We tasted at 17 wineries during the trip. The Rhone-style wines from this region are really getting good: the weird and wonderful Linne Calodo wines; the ersatz Chateauneuf du Papes at Tablas Creek; the single-vineyard Syrahs from Adelaida; and the huge, chocolatey Syrahs from Alban. Also picked up some unique Roussannes, Marsannes, and Viogners, as well as the obligatory Santa Barbara/Santa Maria Pinot Noirs.

This part of the central coast feels to me like Napa or Sonoma 25 years ago, before the wine tourism. At many of the Paso Robles and Edna Valley wineries, the owner/wine-maker was there, in rubber boots, making wine. Totally unpretentious.

Santa Clara Presentation

My speech on the JAMDAT story from the Santa Clara University entrepreneurship series is up on the web. This presentation was influenced by the style of Lawrence Lessig, well-summarized at Presentation Zen. It's perhaps a bit wordier than the classic Lessig style, but it's still pretty iconic and sparse. The audience seemed to really enjoy it.

Thursday, May 17, 2007

Goodbye, Sleater-Kinney

During the summer of 2006, while I was on a hiatus from blogging, the amazing band Sleater-Kinney announced the sad news that they were no longer going to record or tour as a group.

From my perspective, there have been three truly great "alternative" guitar bands in the last 25 years: Husker Du, Sonic Youth, and Sleater-Kinney. These bands produced a diverse catalog of music over many recordings and many years, but always with a signature sound -- complex and musical, but unmistakably punk in inspiration.

Like Thurston Moore's guitar feedback, Corin and Carrie's screechy vocals put a lot of people off. Their queer politics put others off. They never really got mainstream recognition - although some indy radio stations did put "Entertain," from S-K's final album, The Wood, in rotation.

To me, the unbridled punk lyricism of their guitar playing was magical. Check out "Not What You Want" on Dig Me Out, or "Light Rail Coyote" on One Beat, or "Far Away" - one of the best post-9/11 songs ever - or the classic rock-inspired tunes on The Wood. You'll see what I mean.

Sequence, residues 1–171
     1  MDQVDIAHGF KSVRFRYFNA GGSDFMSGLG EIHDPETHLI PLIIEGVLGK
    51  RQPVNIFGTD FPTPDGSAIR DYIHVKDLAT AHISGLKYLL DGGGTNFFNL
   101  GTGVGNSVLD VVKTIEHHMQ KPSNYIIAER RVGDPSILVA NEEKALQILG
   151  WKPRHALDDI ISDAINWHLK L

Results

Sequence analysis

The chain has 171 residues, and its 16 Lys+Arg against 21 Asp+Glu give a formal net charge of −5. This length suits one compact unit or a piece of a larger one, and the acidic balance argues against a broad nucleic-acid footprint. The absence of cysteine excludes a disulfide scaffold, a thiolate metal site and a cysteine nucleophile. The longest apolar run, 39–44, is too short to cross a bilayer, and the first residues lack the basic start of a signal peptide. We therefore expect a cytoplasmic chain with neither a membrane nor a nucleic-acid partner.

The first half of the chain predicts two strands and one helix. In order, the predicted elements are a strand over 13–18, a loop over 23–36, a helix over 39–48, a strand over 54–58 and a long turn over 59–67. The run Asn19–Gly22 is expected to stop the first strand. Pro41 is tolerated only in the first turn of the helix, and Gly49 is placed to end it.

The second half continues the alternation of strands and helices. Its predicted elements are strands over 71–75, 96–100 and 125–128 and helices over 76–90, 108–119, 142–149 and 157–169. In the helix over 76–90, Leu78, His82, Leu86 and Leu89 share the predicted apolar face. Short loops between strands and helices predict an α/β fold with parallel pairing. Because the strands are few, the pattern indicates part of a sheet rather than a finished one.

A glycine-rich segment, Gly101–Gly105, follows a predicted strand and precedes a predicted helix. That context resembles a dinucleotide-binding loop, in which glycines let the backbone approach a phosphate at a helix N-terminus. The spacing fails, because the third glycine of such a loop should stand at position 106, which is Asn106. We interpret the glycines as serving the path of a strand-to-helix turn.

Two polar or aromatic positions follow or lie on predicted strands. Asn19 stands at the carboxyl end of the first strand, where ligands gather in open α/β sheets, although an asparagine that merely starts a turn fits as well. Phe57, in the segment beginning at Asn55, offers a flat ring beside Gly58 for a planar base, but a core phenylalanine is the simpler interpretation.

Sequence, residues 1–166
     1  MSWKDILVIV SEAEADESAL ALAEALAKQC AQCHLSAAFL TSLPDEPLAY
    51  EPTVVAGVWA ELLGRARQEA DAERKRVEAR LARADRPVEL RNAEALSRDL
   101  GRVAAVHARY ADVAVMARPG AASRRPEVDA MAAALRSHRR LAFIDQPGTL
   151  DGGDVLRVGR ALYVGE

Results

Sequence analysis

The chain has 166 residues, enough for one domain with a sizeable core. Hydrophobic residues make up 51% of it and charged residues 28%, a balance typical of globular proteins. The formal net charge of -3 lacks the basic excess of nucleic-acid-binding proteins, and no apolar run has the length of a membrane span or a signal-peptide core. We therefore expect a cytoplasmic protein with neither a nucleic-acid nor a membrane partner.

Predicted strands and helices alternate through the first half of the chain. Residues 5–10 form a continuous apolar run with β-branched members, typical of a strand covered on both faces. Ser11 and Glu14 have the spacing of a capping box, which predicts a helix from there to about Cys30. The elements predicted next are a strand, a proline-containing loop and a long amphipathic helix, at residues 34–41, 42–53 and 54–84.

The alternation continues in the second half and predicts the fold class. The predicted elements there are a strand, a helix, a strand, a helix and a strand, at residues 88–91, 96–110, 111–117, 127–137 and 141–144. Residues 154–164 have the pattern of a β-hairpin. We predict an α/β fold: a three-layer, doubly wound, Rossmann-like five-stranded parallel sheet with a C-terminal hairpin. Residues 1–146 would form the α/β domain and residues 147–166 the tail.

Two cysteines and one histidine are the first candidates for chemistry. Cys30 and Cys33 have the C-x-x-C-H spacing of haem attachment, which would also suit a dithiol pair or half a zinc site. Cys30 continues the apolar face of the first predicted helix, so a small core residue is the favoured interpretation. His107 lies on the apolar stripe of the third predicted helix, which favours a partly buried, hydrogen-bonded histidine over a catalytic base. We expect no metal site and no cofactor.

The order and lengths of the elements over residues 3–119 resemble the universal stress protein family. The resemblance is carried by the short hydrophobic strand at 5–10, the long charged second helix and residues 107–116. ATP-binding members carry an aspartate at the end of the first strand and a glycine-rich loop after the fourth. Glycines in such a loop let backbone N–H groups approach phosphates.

Tuesday, May 15, 2007


My 10 year old daughter, who is an avid reader, started getting into comics. The gateway comic for kids her age is Archie, which she devoured. Then she started reading the comics page of the LA Times. Then she started drawing her own comics.

Being the geek dad, I got her a copy of Scott McCloud's classic Understanding Comics: The Invisible Art. If you haven't read this book, and you work in a creative field, you are in for a treat. She didn't get everything, but she understood and internalized a lot of it.

Around the same time, I came across this story about important recent comics and graphic novels. And there was the success of 300, based on the Frank Miller comic. So I ordered a bunch of the ones that looked interesting.

One thing that has struck me is how much modern American comics owe to Heavy Metal. My brother and I used to read Heavy Metal in high school -- they had some great artists working during the late 70's. You can really see the influence of guys like Moebius in the art styles, and there's a lot of the nihilism of RanXerox in the Spider Jerusalem character in Transmetropolitan.

Beyond & Back

I'm back after a long hiatus from blogging, necessitated by my job change. I've got some catching up to do -- a backlog of posts about pop culture and business.